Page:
4 Big Changes to Federal Student Loans Just Took Effect

Folded dollar bill being inserted into bank wearing graduation hat
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By Betsy Mayotte

Early July is generally a slow period for most businesses, but it can be a scramble in the world of higher education. Most regulatory changes, including changes to student loan interest rates, are effective on July 1, despite the fact that the federal fiscal year doesn't begin until October 1. This is partially due to a requirement that the Department of Education give advance notice of any proposed regulatory changes, including those dealing with student loans. Federal law mandates that the Department of Education set aside times for the public and affected to comment on the proposed changes. Here are four changes that took affect on July 1.

1. Interest Rates

Last year, Congress changed the law that dictates interest rates on federal student loans. The new rule bases the rate off of the 10-year Treasury note rate as of the last auction in May, with a small margin added. This year that rate was 2.61 percent, eight-tenths of a percent up from last year.

Any new loan first disbursed on or after July 1 will have that interest rate, fixed, for the life of the loan. Interest rates will not change on existing fixed rate loans, including consolidation loans.

The rates for these new loans are as follows:

Loan type Interest rate for loans made July 1, 2013 – June 30, 2014 Interest rate for loans made July 1, 2014 – June 30, 2015 Maximum rate for future loans
Direct subsidized and unsubsidized Stafford loans for undergraduate students 3.86 percent 4.66 percent 8.25 percent
Direct unsubsidized Stafford loans for graduate students 5.41 percent 6.21 percent 9.5 percent
Direct graduate PLUS loans 6.41 percent 7.21 percent 10.5 percent
Direct parent PLUS loans 6.41 percent 7.21 percent 10.5 percent

2. Closed School Discharge

This one almost ended being perfect timing, considering the recent announcements that Corinthian Colleges may have to shutter its 107 campuses in the next few weeks.

Thankfully, the crisis was averted or at least slowed down, but sometimes schools do close with no notice –- and students are almost always the victims when that happens.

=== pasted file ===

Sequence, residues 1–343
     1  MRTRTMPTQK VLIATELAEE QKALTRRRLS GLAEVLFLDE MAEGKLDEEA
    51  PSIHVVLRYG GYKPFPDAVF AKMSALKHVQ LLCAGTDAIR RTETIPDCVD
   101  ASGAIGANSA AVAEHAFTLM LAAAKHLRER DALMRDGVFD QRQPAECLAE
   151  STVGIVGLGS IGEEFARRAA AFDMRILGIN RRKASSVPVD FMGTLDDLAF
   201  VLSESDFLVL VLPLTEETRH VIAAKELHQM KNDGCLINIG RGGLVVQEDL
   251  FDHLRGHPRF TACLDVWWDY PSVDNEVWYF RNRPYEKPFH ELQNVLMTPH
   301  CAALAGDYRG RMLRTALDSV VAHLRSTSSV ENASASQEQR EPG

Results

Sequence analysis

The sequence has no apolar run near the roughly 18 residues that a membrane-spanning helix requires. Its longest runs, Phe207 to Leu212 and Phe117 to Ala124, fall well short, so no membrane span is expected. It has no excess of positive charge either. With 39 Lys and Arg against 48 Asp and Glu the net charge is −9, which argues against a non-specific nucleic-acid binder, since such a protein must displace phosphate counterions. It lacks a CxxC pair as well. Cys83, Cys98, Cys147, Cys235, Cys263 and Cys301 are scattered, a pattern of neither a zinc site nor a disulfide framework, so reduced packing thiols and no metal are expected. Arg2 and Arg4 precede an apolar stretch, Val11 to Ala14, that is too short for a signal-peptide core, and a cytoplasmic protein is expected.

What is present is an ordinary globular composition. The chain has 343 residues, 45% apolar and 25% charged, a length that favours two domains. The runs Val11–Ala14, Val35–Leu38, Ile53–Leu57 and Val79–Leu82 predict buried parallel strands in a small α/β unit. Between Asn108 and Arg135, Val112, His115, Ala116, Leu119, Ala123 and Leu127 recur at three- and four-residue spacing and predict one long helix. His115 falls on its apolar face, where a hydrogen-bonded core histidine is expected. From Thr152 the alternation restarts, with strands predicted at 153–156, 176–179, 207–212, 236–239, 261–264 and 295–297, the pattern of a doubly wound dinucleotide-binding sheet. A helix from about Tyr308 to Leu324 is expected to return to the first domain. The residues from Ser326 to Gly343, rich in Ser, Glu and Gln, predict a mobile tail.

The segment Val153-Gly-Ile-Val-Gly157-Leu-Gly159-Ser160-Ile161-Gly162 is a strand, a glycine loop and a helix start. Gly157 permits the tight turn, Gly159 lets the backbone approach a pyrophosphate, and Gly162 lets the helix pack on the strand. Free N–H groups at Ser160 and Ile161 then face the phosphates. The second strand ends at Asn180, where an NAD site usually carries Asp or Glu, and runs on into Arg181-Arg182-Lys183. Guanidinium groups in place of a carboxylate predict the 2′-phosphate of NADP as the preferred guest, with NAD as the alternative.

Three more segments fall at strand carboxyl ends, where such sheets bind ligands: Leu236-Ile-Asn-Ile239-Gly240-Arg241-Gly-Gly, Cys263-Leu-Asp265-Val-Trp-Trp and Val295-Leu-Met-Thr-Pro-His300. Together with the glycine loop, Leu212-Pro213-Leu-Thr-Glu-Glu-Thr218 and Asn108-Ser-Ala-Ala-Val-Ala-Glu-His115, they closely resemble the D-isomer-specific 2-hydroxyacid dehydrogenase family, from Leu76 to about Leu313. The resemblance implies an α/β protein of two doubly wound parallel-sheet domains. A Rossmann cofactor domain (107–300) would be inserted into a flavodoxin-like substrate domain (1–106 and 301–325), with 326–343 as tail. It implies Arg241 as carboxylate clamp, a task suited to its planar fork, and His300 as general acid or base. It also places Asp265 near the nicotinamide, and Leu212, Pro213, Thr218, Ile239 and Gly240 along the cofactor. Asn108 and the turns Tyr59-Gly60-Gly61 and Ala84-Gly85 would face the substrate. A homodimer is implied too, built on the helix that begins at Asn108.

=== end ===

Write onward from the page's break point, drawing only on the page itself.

Some protections are in place for those with federal student loans. Previously, if a student is enrolled within 90 days of the date a school closes and is unable to complete his or her credentials at another school, he or she is eligible to have the associated federal student loans discharged. New rules effective July 1 expand that time frame to 120 days from the date the school closes.

Keep in mind the entire school or location must close to be eligible for this discharge, and if you are offered an opportunity to complete that credential, you're likely better off getting that degree.

3. New Income-Based Options for New Borrowers

The executive order that President Barack Obama signed a few weeks ago won't just expand Pay As You Earn to borrowers with older loans. New borrowers will be able to take advantage of these payment terms now.

Borrowers who take out their first loan on or after July 1 will be eligible for the version of the income-based repayment plan that caps their payments at no more than 10 percent, rather than the 15 percent of the "classic" income based plan, of their disposable income and will forgive any remaining balance after 20 years rather than 25.

4. Relief for Defaulted Federal Loan Borrowers

Borrowers with defaulted federal student loans have two options other than paying the loans in full to get their loans out of default: rehabilitation and consolidation. In order to rehabilitate the loan, borrowers must make nine consecutive, on-time payments of a reasonable and affordable amount agreed to by them and the loan holder.

New rule changes will standardize how that rehabilitation process works for all borrowers, regardless of who holds their defaulted federal loans. Borrowers who start the rehabilitation process on or after July 1 will have their payment initially calculated under the 15 percent rule,which essentially means 15 percent of a borrower's disposable income. If that amount is too high, borrowers will have the right to submit a financial hardship form that takes more of your total financial situation into account.

There are also new rules for administrative wage garnishment to ensure all borrowers are treated equally and fairly.

Betsy Mayotte is director of regulatory compliance for American Student Assistance.

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I worked full time, part time and went to college full time. Took out a small student loan and paid it back. The problem with free education, is when things are free, people don't do their best. When my parents paid, I didn't do so well. When it was my money, I worked very hard. Not all people are meant to go to college. My parents didn't just stop paying, I just signed up and paid myself. It is not the governments job to pay for our post k-12 education.

July 10 2014 at 8:40 AM Report abuse rate up rate down Reply